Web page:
The employment-cost index for civilian workers increased a seasonally adjusted 0.5 percent in the second quarter of 2017, the Labor Department said Friday, as reported in The Wall Street Journal. Economists surveyed by The Journal had forecast a 0.6 percent gain.
Employment costs such as wages and salaries, which account for 70 percent of total compensation, rose 0.5 percent from the prior quarter, the figures showed. Benefits, including health coverage, retirement savings and paid leave, advanced 0.6 percent.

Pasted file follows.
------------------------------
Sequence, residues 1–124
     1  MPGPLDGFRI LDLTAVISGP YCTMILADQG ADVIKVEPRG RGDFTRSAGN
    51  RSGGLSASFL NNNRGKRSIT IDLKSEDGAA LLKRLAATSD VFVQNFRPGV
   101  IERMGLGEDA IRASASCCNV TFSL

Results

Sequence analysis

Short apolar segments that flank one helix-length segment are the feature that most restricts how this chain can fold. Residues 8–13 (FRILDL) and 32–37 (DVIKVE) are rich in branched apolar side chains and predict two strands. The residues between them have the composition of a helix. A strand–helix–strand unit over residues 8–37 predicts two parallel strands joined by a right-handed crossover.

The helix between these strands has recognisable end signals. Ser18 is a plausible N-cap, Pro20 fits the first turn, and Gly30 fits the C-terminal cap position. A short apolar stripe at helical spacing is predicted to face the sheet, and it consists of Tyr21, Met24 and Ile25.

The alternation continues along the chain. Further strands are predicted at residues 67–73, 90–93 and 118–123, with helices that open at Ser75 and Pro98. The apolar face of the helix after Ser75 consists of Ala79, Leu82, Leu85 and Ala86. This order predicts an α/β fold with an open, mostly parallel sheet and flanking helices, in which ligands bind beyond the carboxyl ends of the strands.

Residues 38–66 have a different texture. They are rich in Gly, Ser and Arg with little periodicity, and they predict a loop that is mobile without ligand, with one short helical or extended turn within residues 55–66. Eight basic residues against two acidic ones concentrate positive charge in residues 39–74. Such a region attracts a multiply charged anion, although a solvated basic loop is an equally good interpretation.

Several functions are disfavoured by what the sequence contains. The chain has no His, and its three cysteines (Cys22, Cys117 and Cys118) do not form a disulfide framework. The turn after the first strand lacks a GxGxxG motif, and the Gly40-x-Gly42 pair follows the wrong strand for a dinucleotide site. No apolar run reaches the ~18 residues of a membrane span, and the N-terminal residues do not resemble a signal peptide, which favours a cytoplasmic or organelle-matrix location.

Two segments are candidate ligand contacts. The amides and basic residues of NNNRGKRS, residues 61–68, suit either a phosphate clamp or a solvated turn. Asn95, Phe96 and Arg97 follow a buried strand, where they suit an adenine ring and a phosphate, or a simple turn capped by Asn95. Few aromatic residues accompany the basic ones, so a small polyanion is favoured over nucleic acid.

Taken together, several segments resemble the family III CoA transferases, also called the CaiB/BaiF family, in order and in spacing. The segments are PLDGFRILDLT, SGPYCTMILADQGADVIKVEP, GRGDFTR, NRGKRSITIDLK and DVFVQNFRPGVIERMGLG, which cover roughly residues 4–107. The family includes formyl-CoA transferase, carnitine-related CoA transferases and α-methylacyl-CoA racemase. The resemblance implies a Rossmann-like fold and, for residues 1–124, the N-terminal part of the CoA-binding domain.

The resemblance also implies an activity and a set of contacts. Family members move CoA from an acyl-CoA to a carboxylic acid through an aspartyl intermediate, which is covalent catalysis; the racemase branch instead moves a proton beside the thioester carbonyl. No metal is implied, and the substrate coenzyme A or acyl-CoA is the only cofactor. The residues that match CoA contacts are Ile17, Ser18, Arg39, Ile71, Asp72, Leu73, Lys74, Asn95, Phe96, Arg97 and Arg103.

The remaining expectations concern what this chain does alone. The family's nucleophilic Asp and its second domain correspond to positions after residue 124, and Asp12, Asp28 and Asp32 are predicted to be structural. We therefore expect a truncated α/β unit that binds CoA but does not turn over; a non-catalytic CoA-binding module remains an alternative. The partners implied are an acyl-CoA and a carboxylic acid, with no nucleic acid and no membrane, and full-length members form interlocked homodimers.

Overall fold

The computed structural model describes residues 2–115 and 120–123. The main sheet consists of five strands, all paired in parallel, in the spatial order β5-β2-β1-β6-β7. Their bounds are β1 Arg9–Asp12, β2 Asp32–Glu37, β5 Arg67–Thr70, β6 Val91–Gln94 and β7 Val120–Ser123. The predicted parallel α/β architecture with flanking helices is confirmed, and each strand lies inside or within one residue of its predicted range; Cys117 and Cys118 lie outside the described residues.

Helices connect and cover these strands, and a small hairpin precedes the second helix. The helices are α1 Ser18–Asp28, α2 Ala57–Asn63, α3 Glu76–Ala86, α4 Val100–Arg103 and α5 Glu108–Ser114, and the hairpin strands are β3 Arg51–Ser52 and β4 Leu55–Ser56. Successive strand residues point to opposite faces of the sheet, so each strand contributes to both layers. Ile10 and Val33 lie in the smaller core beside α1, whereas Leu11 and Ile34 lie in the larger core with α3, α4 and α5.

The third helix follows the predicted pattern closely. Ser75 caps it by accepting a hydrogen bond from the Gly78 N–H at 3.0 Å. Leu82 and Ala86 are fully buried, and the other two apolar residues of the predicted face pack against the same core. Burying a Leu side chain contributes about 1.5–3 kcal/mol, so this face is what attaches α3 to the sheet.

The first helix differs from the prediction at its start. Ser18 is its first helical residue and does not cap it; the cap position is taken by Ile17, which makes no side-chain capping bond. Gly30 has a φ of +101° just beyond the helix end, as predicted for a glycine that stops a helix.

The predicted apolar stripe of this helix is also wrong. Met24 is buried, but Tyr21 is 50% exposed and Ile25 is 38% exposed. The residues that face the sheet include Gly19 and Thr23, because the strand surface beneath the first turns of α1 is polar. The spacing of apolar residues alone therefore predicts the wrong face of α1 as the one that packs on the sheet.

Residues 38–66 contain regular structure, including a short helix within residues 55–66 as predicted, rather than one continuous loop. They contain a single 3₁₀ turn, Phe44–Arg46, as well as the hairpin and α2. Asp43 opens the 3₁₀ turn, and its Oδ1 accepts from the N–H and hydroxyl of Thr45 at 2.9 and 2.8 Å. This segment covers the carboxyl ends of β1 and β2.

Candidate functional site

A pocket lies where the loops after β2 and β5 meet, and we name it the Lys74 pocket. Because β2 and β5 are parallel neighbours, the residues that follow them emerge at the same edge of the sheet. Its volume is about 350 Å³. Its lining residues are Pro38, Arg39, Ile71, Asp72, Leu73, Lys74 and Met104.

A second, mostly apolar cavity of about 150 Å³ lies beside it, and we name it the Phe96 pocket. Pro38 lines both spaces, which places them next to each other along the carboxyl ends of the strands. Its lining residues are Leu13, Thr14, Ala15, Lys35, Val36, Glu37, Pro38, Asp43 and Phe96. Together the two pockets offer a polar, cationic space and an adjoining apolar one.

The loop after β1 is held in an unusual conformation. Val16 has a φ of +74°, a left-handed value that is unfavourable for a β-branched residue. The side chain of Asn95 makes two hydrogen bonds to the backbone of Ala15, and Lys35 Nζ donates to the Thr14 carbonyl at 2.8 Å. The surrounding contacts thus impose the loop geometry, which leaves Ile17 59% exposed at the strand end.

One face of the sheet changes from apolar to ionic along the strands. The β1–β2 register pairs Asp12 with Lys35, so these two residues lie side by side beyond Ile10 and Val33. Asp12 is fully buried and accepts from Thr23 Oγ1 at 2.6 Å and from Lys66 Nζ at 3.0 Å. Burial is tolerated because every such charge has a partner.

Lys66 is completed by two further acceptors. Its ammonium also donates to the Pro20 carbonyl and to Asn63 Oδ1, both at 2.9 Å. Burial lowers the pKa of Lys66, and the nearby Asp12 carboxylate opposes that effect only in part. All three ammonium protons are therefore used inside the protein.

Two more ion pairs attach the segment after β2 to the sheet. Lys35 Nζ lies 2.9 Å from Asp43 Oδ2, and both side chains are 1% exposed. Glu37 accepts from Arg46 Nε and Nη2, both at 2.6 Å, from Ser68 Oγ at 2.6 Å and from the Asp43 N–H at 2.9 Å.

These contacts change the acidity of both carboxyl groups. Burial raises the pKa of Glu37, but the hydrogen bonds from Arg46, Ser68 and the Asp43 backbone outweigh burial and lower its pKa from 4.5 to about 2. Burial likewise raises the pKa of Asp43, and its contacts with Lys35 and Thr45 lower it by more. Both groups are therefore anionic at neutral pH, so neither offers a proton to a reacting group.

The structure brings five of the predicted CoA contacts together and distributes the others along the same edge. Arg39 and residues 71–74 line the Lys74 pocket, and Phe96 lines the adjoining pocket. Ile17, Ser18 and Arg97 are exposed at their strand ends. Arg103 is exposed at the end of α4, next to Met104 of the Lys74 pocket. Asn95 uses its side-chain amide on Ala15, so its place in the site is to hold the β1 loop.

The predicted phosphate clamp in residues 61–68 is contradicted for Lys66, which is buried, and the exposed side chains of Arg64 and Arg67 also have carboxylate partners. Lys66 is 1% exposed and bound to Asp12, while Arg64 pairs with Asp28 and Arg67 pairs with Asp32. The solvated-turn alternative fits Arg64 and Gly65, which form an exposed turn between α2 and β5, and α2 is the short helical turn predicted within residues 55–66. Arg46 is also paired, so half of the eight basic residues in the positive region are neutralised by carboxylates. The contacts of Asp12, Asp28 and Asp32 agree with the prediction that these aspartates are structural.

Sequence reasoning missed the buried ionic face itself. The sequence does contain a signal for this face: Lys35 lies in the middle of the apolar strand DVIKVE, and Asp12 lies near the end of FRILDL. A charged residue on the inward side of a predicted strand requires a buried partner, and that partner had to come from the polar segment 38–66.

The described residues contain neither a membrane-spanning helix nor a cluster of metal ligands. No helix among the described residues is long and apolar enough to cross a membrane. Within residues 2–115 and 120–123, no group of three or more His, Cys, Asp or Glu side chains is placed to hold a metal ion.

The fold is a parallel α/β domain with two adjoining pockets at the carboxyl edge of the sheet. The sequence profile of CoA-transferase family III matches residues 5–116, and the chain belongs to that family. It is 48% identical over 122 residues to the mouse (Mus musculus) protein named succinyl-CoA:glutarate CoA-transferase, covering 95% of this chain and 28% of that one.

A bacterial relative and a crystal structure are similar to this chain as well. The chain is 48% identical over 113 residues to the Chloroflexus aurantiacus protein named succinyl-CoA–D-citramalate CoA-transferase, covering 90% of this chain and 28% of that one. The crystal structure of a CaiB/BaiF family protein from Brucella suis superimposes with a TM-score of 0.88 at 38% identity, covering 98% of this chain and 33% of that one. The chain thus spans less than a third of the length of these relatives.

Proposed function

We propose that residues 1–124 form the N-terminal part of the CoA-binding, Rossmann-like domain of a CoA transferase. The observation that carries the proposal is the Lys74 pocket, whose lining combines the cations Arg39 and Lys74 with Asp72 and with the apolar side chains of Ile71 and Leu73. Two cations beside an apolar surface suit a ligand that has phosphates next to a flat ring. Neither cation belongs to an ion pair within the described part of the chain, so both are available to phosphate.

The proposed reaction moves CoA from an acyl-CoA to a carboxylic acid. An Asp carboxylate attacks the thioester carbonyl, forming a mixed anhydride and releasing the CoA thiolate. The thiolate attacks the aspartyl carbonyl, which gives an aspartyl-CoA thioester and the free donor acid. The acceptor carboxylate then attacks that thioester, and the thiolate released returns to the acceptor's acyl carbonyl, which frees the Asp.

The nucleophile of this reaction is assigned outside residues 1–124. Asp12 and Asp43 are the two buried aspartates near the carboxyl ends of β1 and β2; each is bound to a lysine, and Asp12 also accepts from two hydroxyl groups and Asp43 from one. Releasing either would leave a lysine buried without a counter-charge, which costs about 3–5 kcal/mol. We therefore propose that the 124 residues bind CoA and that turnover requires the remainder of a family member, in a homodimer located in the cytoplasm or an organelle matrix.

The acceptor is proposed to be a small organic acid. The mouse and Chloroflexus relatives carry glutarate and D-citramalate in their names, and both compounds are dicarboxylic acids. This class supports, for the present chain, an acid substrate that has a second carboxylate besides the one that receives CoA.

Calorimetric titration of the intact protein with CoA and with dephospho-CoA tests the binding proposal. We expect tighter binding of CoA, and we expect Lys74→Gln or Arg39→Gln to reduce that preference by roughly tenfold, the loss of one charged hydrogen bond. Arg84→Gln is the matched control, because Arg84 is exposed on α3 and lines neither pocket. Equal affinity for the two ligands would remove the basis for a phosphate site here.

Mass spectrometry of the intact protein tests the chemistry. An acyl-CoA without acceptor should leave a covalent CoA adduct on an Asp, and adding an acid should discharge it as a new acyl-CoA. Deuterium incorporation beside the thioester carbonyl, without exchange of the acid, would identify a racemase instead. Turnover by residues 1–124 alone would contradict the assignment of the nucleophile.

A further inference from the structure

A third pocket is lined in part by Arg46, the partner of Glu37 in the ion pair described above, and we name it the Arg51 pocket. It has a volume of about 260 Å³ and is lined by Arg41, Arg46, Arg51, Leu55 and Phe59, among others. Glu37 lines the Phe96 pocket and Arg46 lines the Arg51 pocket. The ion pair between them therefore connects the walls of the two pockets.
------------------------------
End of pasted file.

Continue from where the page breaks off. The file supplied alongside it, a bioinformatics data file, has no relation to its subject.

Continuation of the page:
Additionally, total compensation rose 2.4 percent from a year earlier. Wages also increased 2.3 percent from a year earlier, the figures showed.
The unemployment rate stood at 4.4 percent last month, near the lowest level in a decade.
- When it comes to executive education, the challenge is to design for desired success
- Listen: Upwork’s Zoe Harte makes the case for freelancers as core part of talent development strategy
- What should be the employer’s role in tackling student loan debt?
- Intellectual humility is a key skill for tomorrow’s leaders
- Student debt is an impediment to lifelong learning